You may have heard of the Time Value of Money and Compound Interest. Together, they form the basic concept that by investing money today and getting a return, your money can build on itself and become much more in the future.
Here’s a little secret: They work both ways! This means that the same concepts can cause a lot of damage to your financial situation if not properly monitored. And the banks know this…
For example, when you borrow money from a bank to pay for a home and only make the minimum payments each month, you are really taking away future wealth from yourself. (Click here for a strategy to save money on your mortgage)
Have you ever looked at the amortization tables for your mortgage and seen the total amount you will have paid when it’s all said and done? It’s not uncommon to end up paying almost TWICE as much for your house over the course of a 30-year mortgage!
If you buy a $250,000 home with 5% interest rate, over a 30-year mortgage you will pay just over $483,000 in total costs, with $233,000 being interest.
What You Can Do About It
I’m not saying you should never use debt, I just think it should be done responsibly.
So here are 4 things you should ask yourself each time you are looking to make a purchase:
#1. Is this something I really need or something I simply want?
More often than not, most of the things we buy on credit aren’t things we truly need. By asking yourself this simple question, you can help to minimize the unnecessary spending that you can’t truly afford.
#2. Can I pay for this with cash instead of using credit?
Forcing yourself to use only the money you have can go a long way toward keeping you financially healthy.
#3. If I decide to use debt, how quickly can I pay it off?
You want to make sure you are thinking ahead regarding how you will get rid of the debt you’re taking on. You certainly don’t want to just make the minimum payments each month.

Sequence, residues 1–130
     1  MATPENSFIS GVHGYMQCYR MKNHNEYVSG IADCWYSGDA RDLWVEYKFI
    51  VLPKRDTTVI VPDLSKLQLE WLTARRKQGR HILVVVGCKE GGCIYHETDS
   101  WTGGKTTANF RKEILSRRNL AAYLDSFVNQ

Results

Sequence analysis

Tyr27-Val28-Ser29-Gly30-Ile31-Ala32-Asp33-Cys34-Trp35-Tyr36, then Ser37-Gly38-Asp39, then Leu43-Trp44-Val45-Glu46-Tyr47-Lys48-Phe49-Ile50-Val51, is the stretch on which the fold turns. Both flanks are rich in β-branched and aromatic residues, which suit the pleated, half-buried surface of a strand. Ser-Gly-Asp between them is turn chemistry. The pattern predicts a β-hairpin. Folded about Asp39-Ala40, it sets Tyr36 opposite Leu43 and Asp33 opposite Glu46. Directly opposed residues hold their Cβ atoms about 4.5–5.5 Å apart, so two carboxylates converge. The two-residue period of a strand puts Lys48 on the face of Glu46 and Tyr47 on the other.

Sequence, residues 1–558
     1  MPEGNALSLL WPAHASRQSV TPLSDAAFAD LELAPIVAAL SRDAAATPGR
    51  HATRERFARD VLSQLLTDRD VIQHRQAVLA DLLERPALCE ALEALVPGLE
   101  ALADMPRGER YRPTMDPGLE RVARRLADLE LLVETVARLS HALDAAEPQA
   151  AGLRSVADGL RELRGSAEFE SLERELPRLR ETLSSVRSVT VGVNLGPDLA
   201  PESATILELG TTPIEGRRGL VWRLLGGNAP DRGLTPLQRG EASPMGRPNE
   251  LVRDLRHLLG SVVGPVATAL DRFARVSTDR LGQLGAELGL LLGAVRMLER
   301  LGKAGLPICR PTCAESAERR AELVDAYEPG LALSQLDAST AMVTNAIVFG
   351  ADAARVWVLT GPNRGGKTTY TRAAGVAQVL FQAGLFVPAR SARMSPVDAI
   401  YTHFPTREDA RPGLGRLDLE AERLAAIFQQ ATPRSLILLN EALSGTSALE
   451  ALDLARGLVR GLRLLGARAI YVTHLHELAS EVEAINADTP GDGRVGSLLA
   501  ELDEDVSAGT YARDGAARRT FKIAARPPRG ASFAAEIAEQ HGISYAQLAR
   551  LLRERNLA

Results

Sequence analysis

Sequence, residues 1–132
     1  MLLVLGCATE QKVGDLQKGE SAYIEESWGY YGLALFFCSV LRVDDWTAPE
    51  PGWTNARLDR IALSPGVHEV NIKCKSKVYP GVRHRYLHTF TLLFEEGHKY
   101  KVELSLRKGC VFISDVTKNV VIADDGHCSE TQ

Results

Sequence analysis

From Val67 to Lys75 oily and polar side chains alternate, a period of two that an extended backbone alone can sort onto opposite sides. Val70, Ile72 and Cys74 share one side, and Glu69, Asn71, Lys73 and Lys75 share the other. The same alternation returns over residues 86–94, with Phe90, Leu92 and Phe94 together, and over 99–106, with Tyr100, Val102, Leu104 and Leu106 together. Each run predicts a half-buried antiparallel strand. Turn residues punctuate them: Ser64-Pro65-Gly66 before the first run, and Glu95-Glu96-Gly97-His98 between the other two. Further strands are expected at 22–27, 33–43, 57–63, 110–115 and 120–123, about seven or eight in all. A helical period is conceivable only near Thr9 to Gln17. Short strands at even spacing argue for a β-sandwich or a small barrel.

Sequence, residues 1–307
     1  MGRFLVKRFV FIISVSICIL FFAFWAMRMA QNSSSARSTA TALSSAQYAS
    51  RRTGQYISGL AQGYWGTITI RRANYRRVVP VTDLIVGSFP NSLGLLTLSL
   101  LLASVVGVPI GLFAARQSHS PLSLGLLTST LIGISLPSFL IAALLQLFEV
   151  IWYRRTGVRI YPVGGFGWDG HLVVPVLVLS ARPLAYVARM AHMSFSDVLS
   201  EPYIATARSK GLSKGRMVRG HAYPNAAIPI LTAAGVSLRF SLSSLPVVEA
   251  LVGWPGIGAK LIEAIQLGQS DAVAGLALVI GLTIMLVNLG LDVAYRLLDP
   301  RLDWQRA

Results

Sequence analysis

#4. Will this purchase work toward building wealth?
This is an important question you should continuously ask yourself. The more you can say “yes” to this question, the better you are at using debt, and the brighter your future will be. (Think real estate investing)
Is There a Good Time to Use Debt?
This is a definite yes, but you have to be careful.
If you are using debt in ways that could improve your own value, which will, in turn, have the positive effect of increasing your earnings potential, then the use of debt can have a great outcome.
And if you properly use debt to buy assets that can create a positive impact on your wealth-building, then this is also a great use.
So the next time you are reaching for your credit card, take a moment to ask yourself the questions listed above.
About the Authors
Jared Paul is the founder and CEO of Capable Wealth, a fee-only financial planning and life coaching company dedicated to helping young physicians and dentists live their ideal lives by providing clarity and empowering them to make great money decisions. Capable Wealth helps professionals, specifically in the early stages of their careers bridge the gap between their current life and their dream life. We are here to walk with you on your journey as you grow your wealth, and discover what you are truly capable of.
Chad Rixse spent three years in the bank-run private wealth management world working primarily with high net worth families and individuals. As much as he enjoyed helping this demographic, he realized that many people, particularly those from his generation, were far too often left behind. He wanted to change that. His mission in life has always been to help others. As a child, he wanted to become a doctor because he found that helping others was such a rewarding experience for him. Although the medical field did not become his path, he's found another way to fulfill this mission through his firm, Millennial Wealth.